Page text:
Hacked Off's online petition calling on the government to comply with the findings of the Leveson Inquiry has been signed by more than 100,000 people.
Hugh Grant, a member of Hacked Off, has called David Cameron's position on the findings of the Leveson Inquiry "very close to disgraceful".
He told The Andrew Marr Show of his "astonishment" at Cameron's "betrayal" by declaring there was no need for statutory underpinning.
Grant said reforms "simply won't work without it".
The petition urges David Cameron and Nick Clegg to, "implement, as soon as possible, the recommendations of the Leveson Report in full".
It urges the government "ignore pressure from media barons and introduce legally-backed regulation, independent of politicians and the press" and "place tighter limits on how much of our media an individual is allowed to own, and promote investigative journalism through effective public interest defences."
Conservative MP John Whittingdale, who chairs the Commons Culture, Media and Sport Select Committee, said he believed people backed self-regulation rather than new laws, saying legislation could stifle free speech.
"As people come to think about this carefully, they will realise the dangers of going down this road," Whittingdale said.
"Everybody agrees there needs to be an independent body to regulate the press.
"The passing of legislation is only necessary if the press then demonstrate they will not accept the rulings of that body.
"It's up to the press to prove they will go along with it. If they don't, then there may need to be legislation."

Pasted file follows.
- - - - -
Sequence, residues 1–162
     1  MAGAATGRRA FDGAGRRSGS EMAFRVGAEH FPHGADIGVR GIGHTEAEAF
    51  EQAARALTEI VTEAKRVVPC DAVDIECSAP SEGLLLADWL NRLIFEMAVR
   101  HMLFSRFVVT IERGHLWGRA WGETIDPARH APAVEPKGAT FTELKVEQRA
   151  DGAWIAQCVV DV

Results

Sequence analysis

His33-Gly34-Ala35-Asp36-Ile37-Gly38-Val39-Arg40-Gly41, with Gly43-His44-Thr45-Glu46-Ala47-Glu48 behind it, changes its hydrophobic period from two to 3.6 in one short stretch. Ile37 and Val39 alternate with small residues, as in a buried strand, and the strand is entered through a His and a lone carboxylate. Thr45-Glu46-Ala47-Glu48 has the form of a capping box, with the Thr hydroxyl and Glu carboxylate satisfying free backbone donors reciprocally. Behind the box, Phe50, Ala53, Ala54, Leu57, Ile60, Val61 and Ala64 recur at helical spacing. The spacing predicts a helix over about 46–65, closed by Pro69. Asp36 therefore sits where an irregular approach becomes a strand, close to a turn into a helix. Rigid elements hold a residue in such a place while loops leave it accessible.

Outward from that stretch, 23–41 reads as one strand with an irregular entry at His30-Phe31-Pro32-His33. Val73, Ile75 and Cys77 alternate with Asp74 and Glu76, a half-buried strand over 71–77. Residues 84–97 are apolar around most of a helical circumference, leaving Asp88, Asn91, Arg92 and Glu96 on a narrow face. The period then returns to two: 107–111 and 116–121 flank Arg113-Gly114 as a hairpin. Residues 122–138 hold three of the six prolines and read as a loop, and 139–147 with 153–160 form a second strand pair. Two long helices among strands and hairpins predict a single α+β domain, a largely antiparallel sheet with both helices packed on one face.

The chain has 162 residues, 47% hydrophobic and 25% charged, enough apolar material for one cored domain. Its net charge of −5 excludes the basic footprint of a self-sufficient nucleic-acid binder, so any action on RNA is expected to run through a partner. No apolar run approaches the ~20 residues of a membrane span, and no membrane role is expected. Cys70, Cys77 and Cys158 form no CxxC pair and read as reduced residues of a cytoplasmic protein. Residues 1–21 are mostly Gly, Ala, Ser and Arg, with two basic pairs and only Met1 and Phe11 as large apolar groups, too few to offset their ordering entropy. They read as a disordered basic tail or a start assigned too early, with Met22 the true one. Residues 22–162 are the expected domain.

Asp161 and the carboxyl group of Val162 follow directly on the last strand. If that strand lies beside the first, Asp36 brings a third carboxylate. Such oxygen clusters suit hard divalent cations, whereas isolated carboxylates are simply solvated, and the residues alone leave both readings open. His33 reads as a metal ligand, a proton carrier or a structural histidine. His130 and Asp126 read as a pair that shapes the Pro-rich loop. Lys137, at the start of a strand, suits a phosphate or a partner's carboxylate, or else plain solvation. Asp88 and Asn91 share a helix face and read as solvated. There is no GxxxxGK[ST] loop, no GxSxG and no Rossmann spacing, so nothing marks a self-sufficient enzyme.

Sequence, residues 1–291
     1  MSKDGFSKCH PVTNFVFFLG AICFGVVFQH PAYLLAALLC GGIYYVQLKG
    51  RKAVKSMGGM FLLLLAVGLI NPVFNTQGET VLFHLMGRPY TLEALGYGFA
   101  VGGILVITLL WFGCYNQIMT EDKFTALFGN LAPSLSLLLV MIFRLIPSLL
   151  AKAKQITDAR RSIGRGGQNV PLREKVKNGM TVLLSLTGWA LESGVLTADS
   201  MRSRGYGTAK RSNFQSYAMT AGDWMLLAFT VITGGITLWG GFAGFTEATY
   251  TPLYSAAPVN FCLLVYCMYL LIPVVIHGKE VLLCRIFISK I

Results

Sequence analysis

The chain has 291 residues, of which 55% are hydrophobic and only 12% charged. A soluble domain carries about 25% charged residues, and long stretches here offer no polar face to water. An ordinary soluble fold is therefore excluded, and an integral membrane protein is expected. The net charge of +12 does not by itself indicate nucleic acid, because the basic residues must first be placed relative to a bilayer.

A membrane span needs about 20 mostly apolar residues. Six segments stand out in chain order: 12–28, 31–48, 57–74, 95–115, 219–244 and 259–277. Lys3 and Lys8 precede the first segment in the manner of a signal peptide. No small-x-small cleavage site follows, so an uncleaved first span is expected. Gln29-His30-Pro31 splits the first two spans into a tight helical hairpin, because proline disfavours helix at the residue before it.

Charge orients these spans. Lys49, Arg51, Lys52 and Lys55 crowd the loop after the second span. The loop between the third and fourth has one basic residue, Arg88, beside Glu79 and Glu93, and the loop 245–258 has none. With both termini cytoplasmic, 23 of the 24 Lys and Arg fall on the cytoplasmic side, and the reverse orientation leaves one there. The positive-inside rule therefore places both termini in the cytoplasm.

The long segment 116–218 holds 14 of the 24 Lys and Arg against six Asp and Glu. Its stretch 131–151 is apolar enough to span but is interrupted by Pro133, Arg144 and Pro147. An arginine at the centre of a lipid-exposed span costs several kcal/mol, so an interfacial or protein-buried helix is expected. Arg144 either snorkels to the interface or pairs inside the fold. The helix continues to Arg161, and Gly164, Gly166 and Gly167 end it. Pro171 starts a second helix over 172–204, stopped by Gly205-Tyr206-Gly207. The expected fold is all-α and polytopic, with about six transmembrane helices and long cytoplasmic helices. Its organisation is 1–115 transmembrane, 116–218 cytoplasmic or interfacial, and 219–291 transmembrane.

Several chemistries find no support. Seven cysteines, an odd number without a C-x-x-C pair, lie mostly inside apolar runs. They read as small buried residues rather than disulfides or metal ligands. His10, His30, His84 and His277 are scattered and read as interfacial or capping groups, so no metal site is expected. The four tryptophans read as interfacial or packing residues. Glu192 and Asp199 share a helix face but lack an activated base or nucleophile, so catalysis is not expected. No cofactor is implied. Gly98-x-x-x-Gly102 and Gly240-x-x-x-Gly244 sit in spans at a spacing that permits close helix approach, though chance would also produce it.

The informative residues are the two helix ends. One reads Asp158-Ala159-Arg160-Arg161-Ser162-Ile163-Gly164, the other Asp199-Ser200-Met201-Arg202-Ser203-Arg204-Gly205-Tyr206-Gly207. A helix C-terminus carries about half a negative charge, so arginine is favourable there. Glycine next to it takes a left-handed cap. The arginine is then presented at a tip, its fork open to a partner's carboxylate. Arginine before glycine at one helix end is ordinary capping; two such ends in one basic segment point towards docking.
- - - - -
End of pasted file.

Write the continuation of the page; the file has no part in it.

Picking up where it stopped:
He has also claimed Lord Justice Leveson's recommendations were "mild".
"We thought the report was intelligent and clever but at the mild end of what everyone hoped for.
"We thought the upside of it being mild was that there was no way the Prime Minister can't endorse this, this is something that can get through."
Gerry McCann, father of missing Madeleine, and Christopher Jefferies, the landlord wrongly arrested for the murder of Joanna Yeates, urged the public to back their online campaign after David Cameron indicated he planned to spike recommendations to introduce legislation.
Group director Brian Cathcart said the 100,000 landmark was "a powerful indication of the strength of public feeling on Leveson.
"We have long known that the public is firmly behind effective, independent regulation of the press, which is what the Leveson report recommends.
"We hope that the Prime Minister, who last Thursday appeared to reject a key part of the recommendations, is listening to the voice of the public, just as he promised he would in his evidence under oath at the Leveson Inquiry.
"He also promised to listen to the voices of people who have suffered from press abuses, and they have clearly stated their approval for the Leveson proposals."
The petition needed 100,000 signatures to be considered for a commons debate and comes ahead of the Prime Minister and Culture Secretary's meeting with newspaper editors next week, to discuss the future of press regulation and whether the industry can deliver it alone. Commons is meeting next week to formally debate the findings.